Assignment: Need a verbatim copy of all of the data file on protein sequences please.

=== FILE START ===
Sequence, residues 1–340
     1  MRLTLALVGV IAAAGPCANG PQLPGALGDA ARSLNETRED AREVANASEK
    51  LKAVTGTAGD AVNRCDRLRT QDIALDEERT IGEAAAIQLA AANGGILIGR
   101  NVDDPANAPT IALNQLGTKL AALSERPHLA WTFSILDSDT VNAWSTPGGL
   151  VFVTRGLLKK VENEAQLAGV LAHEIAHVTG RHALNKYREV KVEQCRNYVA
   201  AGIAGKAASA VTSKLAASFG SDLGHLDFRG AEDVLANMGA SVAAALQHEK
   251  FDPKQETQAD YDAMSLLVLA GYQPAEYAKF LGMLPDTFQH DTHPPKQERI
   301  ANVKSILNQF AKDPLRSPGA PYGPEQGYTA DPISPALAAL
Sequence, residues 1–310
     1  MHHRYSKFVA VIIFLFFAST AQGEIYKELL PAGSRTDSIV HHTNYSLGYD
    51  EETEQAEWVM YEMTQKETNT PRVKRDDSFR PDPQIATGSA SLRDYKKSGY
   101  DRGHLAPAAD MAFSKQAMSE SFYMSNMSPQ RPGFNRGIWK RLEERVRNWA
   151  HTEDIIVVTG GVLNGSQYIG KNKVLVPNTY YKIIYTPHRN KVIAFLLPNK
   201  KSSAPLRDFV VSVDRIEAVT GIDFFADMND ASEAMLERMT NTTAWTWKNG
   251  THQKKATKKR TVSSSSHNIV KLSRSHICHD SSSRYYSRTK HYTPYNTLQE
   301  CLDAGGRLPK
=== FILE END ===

Sequence, residues 1–340
     1  MRLTLALVGV IAAAGPCANG PQLPGALGDA ARSLNETRED AREVANASEK
    51  LKAVTGTAGD AVNRCDRLRT QDIALDEERT IGEAAAIQLA AANGGILIGR
   101  NVDDPANAPT IALNQLGTKL AALSERPHLA WTFSILDSDT VNAWSTPGGL
   151  VFVTRGLLKK VENEAQLAGV LAHEIAHVTG RHALNKYREV KVEQCRNYVA
   201  AGIAGKAASA VTSKLAASFG SDLGHLDFRG AEDVLANMGA SVAAALQHEK
   251  FDPKQETQAD YDAMSLLVLA GYQPAEYAKF LGMLPDTFQH DTHPPKQERI
   301  ANVKSILNQF AKDPLRSPGA PYGPEQGYTA DPISPALAAL
Sequence, residues 1–310
     1  MHHRYSKFVA VIIFLFFAST AQGEIYKELL PAGSRTDSIV HHTNYSLGYD
    51  EETEQAEWVM YEMTQKETNT PRVKRDDSFR PDPQIATGSA SLRDYKKSGY
   101  DRGHLAPAAD MAFSKQAMSE SFYMSNMSPQ RPGFNRGIWK RLEERVRNWA
   151  HTEDIIVVTG GVLNGSQYIG KNKVLVPNTY YKIIYTPHRN KVIAFLLPNK
   201  KSSAPLRDFV VSVDRIEAVT GIDFFADMND ASEAMLERMT NTTAWTWKNG
   251  THQKKATKKR TVSSSSHNIV KLSRSHICHD SSSRYYSRTK HYTPYNTLQE
   301  CLDAGGRLPK